.. _SUMmath:
Summary
=======
Summary provides information integral to correctly analyzing data,
such as histograms and descriptive statistics for the variables in a
data set. The Summary page can be accessed after parsing your data
into .hex format by going to the drop down menu **Data** and
selecting **Summary**.
Inputs
""""""
**Key**
Enter the .hex key associated with the data set to be summarized.
**X**
Select the columns for which summary information is desired. If a
header was not used in the original data set, the columns are indexed
by number beginning at 0 on the left.
**Max Column Display**
An alternative to selecting specific X; Max Column Display allows
users to define the maximum number of columns that summary information
will be provided for. For example, if users specify Max Column Display
to be 5, the first 5 columns of the original data set will be
displayed, and all others will be omitted regardless of the subset of
columns selected in the X field.
Output
""""""
**Column Name**
The variable name as it was provided in the header when the data
were parsed, or as assigned by H\ :sub:`2`\ O if no header was included.
**Base Stats** for *Numerical Data*
*NAs*
Displays a count of the number of elements in the column that are
interpreted as NA by H\ :sub:`2`\ O, either because the original element was
given as NA, or because the original element was uninterpretable
when the data were parsed
*Average*: Abbreviated **avg**
The arithmetic mean of the data in the column, defined
as the sum of the values in the column divided by the number of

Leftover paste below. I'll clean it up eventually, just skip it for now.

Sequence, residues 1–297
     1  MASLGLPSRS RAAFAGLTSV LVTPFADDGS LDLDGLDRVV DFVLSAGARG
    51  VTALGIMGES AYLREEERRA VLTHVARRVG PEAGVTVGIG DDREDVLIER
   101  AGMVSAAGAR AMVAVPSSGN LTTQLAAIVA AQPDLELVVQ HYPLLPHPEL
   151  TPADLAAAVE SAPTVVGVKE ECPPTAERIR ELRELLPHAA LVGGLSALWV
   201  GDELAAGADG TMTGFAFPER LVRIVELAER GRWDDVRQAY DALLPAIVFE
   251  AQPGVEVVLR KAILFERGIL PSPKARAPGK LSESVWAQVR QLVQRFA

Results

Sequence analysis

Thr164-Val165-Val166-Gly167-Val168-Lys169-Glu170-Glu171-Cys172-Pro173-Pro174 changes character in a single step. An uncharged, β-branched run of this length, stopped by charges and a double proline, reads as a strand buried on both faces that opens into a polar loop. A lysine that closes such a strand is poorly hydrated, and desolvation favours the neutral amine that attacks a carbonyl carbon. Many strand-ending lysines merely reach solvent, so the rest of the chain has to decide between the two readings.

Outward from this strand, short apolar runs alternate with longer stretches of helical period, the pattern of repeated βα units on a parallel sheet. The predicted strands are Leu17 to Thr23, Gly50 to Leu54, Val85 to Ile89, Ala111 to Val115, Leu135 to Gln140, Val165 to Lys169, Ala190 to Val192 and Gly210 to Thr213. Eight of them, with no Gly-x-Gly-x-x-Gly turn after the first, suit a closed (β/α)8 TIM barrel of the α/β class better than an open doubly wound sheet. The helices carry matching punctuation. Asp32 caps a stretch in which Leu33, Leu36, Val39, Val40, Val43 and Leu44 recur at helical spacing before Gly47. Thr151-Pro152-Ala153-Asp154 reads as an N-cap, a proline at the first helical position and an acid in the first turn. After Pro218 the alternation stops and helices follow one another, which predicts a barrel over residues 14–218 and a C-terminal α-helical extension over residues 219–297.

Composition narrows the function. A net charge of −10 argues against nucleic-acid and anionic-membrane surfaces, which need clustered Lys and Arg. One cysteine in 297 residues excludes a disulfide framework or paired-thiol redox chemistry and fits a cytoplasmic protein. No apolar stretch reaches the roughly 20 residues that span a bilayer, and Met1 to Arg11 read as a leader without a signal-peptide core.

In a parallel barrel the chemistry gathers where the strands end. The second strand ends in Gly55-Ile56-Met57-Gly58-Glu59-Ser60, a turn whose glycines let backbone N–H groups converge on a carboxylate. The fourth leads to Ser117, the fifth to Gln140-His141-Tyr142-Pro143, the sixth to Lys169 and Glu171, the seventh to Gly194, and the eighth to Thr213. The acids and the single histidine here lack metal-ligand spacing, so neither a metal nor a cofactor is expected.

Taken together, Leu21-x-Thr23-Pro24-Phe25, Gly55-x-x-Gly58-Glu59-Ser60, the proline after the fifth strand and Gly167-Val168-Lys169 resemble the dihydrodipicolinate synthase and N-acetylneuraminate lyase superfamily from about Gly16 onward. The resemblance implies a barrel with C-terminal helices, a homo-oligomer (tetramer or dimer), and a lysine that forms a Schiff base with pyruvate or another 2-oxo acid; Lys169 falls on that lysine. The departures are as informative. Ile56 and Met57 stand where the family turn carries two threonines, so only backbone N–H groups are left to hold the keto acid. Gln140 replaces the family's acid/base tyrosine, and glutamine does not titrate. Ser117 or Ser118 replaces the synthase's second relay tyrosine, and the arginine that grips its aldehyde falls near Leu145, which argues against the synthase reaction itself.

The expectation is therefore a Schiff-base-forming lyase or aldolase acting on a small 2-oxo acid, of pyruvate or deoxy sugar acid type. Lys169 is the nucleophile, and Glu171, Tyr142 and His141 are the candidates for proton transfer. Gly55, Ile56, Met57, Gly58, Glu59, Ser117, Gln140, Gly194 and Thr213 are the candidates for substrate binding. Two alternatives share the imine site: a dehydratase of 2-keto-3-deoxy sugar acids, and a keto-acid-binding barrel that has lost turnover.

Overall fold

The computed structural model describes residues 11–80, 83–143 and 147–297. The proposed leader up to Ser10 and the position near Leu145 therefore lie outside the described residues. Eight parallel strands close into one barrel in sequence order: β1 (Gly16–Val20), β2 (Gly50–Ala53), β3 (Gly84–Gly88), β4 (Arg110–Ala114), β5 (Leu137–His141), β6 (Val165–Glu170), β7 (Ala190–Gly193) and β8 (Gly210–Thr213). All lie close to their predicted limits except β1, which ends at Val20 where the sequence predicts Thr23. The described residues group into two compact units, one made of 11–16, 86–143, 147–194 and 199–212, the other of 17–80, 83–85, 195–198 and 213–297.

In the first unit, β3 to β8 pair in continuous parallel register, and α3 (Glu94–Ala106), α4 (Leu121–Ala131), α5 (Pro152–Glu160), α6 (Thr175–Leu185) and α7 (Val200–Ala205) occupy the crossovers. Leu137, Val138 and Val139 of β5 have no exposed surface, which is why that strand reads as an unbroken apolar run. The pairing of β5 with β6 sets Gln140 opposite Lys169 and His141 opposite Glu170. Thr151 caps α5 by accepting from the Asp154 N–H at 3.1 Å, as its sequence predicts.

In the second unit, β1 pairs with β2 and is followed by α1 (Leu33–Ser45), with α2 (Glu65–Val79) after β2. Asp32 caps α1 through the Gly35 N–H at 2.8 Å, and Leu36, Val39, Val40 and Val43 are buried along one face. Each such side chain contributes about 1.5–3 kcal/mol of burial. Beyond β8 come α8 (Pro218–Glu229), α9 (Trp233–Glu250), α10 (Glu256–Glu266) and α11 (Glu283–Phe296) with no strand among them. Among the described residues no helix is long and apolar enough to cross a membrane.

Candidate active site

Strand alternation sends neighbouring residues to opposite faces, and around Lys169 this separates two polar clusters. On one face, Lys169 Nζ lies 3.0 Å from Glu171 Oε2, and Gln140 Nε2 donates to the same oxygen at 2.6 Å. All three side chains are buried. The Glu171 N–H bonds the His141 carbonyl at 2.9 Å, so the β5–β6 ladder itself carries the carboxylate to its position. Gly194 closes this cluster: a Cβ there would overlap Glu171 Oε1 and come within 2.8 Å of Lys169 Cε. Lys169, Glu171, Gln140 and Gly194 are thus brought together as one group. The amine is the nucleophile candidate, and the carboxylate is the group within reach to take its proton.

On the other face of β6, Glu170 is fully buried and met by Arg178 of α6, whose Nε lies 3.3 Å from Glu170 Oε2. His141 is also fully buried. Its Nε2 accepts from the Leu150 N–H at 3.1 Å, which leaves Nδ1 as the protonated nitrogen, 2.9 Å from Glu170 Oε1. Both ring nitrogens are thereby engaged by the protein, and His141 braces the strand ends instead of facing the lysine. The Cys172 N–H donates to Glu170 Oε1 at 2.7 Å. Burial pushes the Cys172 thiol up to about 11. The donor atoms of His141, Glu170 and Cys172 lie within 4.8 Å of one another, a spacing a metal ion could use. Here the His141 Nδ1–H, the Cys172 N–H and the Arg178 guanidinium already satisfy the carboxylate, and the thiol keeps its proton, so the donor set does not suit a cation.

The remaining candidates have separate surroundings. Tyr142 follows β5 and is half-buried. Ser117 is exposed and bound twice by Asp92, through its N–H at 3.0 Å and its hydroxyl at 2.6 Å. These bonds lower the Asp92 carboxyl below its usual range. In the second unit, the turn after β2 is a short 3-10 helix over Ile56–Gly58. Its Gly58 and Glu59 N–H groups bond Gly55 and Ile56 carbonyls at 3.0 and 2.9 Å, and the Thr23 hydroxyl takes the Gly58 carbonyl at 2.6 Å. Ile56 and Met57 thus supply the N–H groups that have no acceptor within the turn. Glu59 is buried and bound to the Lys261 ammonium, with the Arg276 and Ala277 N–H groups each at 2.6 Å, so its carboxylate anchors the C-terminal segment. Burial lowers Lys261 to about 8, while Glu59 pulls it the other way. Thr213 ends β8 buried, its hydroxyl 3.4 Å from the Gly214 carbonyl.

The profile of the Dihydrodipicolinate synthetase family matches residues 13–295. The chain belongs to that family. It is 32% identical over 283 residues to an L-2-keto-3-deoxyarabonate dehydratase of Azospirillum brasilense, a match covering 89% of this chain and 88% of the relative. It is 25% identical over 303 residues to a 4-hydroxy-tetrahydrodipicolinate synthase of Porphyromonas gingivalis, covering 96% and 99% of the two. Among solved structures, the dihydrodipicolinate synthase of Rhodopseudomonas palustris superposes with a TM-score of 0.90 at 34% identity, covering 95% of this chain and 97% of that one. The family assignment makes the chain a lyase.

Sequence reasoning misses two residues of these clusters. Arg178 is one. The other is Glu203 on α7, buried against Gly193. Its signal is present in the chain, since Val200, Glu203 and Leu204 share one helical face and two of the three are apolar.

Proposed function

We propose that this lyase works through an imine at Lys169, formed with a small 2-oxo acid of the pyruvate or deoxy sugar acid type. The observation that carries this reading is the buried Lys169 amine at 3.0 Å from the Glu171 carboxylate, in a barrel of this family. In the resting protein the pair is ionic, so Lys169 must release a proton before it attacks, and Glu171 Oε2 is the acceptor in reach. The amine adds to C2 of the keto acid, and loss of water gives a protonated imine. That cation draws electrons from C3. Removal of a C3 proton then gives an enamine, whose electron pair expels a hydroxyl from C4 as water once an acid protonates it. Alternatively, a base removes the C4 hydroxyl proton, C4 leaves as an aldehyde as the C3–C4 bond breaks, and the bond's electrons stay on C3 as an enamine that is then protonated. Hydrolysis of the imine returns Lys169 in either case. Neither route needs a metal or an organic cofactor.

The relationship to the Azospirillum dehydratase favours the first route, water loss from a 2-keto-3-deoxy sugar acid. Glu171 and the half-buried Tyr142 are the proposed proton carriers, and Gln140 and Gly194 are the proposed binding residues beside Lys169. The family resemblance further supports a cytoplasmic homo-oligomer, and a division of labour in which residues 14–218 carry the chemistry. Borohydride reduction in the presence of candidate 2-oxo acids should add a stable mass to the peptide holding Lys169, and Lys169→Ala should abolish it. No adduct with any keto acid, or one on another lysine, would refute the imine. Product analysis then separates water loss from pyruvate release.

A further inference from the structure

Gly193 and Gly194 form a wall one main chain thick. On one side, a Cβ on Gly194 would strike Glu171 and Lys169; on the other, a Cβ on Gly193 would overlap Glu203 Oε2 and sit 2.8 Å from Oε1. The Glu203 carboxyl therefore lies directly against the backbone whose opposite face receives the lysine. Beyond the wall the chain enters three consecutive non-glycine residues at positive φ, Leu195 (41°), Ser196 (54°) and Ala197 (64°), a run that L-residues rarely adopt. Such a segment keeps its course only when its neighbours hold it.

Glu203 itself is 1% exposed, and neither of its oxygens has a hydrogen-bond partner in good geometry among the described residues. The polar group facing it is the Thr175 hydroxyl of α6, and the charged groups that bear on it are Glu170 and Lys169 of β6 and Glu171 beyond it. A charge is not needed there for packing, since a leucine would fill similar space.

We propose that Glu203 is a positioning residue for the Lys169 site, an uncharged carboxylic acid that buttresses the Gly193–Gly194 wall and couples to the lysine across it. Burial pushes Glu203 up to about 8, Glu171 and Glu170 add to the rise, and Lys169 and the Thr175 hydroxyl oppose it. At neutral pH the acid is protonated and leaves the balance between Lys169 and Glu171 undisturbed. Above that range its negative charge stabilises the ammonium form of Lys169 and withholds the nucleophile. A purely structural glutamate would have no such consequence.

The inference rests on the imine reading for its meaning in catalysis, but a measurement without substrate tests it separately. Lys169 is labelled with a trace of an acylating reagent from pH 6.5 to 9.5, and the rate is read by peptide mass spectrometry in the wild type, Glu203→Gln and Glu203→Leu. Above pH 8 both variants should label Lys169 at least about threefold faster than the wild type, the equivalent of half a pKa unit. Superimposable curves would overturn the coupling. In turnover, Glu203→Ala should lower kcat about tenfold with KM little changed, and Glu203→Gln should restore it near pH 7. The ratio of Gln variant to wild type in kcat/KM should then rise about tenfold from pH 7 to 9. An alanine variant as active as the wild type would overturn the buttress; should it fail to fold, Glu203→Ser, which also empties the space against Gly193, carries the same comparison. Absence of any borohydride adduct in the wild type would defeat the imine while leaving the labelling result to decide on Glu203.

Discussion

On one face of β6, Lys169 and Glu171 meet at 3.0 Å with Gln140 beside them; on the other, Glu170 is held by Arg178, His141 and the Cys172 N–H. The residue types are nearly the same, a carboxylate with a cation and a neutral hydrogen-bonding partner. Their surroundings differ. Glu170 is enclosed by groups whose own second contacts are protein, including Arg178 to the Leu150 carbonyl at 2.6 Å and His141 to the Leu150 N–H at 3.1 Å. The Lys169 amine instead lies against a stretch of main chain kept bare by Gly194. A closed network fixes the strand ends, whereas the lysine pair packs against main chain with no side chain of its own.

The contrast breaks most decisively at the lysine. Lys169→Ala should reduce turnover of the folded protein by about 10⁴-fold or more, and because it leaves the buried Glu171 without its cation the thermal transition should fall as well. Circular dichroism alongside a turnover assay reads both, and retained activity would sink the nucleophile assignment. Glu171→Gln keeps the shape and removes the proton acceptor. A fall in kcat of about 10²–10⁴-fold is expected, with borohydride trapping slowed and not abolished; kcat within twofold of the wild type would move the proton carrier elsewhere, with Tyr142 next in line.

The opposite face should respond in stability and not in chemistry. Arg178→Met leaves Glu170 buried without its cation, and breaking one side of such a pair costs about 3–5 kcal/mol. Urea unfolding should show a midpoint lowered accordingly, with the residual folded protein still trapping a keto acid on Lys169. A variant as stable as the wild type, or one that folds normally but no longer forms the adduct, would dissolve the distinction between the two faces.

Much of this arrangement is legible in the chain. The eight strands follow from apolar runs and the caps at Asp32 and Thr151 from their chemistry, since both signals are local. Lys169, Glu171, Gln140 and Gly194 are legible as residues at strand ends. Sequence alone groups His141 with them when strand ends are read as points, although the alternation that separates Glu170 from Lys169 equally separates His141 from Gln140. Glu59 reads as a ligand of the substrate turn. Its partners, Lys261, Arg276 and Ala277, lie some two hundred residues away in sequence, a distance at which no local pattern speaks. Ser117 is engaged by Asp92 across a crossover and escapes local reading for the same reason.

elements in the column.
:math:`Average\:(X_{i})=\frac{\sum_{k=1}^{N}X_{k}}{N}`
*Standard Deviation*: Abbreviated **sd**
The standard deviation of the data in the column, defined as the
square root of the sum of the deviance of observed values from the
mean divided by the number of elements in the column less one.
For some columns of data a standard deviation of -0 may be produced.
This outcome is the special case where the standard deviation is a very,
very small negative number. The exact value has not been rounded, but the
number of digits displayed have been truncated.
:math:`Standard\:deviation\:(X_{i})=\sqrt{\frac{\sum_{k=1}^{N} (X_{k}-\bar X)^2}{N-1}}`
*Zeros*:
The number of elements in the column that are 0.
*Min[ ] and Max[ ]*
Return a list of the minimum and maximum elements of the
column respectively. The default is the lowest and highest five
numbers, but for binomial data (for example), the minimum are
listed as 0,1 and the maximum as 1,0.
**Percentiles** a table displayed only for *Numeric Data*
A percentile of value X at P threshold is interpreted as
"X is greater than or equal to P percent of the values
in this column." For example, if 83 is given as the
value at threshold .75, we would say that 83 is greater
than 75% of the other elements in the column.
*Threshold*
Displays the percentile levels. For example .25 corresponds to the
25th percentile, .5 corresponds to the median and .75 corresponds to
the 75th percentile.
*Value*
In H\ :sub:`2`\ O the values presented relative to thresholds as percentiles are
obtained through approximation relying on information derived from the
histogram.
**Base Stats** for *Categorical Data*
*NAs*
Displays a count of the number of elements in the column that are
interpreted as NA by H\ :sub:`2`\ O, either because the original element was
given as NA, or because the original element was uninterpretable
when the data were parsed.
*Cardinality*
Displays the number of unique categories present in the data. For
example, if a column of 100 elements gives information about the
color of an object, and the possible values for color are red, green,
and blue, cardinality is 3.
**Histogram**
*First Row (top)*
Lists the unique values or categorical levels in the column.
*Second Row (middle)*
Lists a corresponding count of the number of observations of the
value given in the top row.
*Third Row (bottom)*
Gives a percentage of the number of observations that are equal to
the corresponding value.
*Users should note that the tables in summary can become
quite large. When the width of the table exceeds the width of the
display users can view more information by hovering over the table
with their mouse and scrolling left and right.*